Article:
Politics, government and public life for Southern California

UC Irvine legal team goes before US Supreme Court

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Anti-war protests at Vandenberg Air Force Base were at the heart of arguments at the U.S. Supreme Court Wednesday. The case was argued by the dean of UC Irvine’s law school — with a lot of legal help from students.

The case involves John Dennis Apel, who started protesting at Vandenberg Air Force Base days before the beginning of the Iraq war. He says throwing blood at Vandenberg’s sign was “a good symbolic gesture” to remind pilots of the human destruction from their bombs. Apel was cited for trespassing at the base 15 times over 15 months and eventually banned by the base commander from even the designated protest site on Pacific Coast Highway.

The case made its way to the U.S. Supreme Court. On Wednesday, UC Irvine law school dean Erwin Chemerinsky argued on behalf of Apel, continuously bringing up his First Amendment right, saying, “When a public road has been created, it always includes a First Amendment right for speech.”

But the justices wanted to hear arguments about real estate, not First Amendment rights.

Years ago, Vandenberg granted an easement to the state and county for Pacific Coast Highway. Justices were skeptical that an easement negates a military commander’s power to protect his base. They continuously interrupted Chemerinsky, and most justices dismissed his attempts to bring up the right to free speech.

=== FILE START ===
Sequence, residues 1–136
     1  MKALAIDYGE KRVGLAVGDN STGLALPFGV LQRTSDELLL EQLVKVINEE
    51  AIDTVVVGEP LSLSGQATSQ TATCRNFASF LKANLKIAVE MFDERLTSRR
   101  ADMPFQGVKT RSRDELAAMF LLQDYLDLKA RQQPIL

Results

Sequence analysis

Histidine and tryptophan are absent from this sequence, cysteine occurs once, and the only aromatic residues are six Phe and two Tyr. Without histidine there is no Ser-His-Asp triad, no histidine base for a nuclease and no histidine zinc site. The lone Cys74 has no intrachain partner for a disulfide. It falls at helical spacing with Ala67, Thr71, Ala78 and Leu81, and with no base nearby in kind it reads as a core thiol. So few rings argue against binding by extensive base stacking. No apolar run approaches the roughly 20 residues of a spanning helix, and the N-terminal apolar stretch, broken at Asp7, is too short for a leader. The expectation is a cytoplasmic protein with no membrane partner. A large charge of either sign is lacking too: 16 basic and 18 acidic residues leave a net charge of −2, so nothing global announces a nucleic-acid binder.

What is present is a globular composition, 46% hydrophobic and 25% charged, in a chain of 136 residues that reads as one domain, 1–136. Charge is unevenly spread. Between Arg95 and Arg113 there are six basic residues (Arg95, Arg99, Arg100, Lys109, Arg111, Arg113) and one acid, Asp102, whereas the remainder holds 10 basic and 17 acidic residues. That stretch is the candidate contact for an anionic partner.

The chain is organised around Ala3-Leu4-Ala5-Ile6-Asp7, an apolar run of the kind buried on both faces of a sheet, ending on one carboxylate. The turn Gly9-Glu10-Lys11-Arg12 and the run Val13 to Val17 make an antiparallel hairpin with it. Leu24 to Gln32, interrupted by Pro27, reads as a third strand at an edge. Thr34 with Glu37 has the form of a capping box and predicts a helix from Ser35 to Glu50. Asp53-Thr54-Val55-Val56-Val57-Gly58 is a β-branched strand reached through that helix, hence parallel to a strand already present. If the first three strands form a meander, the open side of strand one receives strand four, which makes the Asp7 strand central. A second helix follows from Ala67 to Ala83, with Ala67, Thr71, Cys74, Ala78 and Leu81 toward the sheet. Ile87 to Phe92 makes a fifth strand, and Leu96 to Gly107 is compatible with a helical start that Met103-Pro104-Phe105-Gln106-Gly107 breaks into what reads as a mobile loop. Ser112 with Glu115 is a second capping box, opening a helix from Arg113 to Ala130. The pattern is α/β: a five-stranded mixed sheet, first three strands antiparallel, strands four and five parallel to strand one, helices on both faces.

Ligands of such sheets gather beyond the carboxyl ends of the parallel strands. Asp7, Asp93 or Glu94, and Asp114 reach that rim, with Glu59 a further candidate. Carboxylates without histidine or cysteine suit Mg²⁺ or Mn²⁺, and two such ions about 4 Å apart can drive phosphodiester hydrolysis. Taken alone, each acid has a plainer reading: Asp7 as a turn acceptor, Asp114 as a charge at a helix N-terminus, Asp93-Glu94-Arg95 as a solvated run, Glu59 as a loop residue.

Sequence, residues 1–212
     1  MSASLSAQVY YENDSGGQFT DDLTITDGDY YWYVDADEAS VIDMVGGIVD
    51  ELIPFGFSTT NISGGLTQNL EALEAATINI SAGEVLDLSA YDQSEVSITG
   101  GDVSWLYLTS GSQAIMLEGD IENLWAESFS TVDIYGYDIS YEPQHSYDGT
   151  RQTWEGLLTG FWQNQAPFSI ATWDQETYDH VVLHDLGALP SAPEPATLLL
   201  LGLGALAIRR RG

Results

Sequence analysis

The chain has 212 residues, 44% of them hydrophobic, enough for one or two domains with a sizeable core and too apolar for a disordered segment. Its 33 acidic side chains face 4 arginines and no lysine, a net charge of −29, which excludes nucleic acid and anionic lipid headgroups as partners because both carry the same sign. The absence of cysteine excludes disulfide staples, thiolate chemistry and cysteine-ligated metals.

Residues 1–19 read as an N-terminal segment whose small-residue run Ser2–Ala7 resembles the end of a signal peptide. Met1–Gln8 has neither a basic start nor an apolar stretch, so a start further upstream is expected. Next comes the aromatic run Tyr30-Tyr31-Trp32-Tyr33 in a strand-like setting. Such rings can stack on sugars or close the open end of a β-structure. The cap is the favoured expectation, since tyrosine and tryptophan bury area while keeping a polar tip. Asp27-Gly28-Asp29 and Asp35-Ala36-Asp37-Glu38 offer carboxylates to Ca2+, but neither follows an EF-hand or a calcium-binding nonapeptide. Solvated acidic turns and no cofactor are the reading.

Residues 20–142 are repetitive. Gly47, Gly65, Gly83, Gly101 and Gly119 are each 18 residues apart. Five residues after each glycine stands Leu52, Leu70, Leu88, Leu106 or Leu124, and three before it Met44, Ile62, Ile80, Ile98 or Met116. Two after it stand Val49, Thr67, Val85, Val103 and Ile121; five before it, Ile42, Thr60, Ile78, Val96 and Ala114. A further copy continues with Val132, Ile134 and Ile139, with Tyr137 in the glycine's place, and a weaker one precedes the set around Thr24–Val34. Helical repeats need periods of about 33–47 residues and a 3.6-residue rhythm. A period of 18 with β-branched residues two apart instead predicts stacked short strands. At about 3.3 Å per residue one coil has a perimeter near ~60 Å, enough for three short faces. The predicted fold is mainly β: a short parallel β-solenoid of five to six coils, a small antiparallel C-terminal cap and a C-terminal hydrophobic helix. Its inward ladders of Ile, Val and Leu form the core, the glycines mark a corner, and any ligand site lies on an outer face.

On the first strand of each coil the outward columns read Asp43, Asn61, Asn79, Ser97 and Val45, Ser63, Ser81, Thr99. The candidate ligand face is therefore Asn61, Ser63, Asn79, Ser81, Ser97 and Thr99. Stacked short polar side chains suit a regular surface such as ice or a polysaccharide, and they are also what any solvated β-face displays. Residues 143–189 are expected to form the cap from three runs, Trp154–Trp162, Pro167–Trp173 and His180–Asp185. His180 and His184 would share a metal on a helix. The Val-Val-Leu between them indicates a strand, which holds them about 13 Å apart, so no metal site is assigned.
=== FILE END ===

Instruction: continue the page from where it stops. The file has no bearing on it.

Chemerinsky's arguments were researched and rehearsed by law students from UC Irvine. Students spent their summer reading Supreme Court precedent, military law, meeting with Apel, even visiting Vandenberg to see the protest zone for themselves.

Recent UCI graduate Selwyn Chu says they decided to put the First Amendment “front and center, because we thought in a lot of ways it was our best argument.” He says he learned from listening to the justices that his legal team could raise the issue, but Supreme  Court justices "don’t have to listen to it.”

So what was it like hearing your arguments torn apart by the Supreme Court?

Third-year student Jamie Sanderson called it “a bit maddening.” But fellow student Katie Riley says it’s “part of training to be a lawyer” to learn “how to tear your own arguments apart.” The students did just that in a series of moot court trials with lawyers and professors sitting as the justices.

Chemerinsky says even if the High Court rules against Apel on the statutory issue of who gets to make the rules governing that piece of Pacific Coast Highway, the First Amendment issue could again be raised back at the 9th Circuit Court of Appeals.

Meanwhile, Apel is allowed to continue his anti-war protests at Vandenberg. “I’m not the threat to the national security,” he says. “It’s what I have to say that is the threat, and that is why they don’t want me out there.”

Apel's right to protest could be withdrawn if the U.S. Supreme Court overturns the 9th Circuit ruling. which had upheld Apel's right to protest on the easement.


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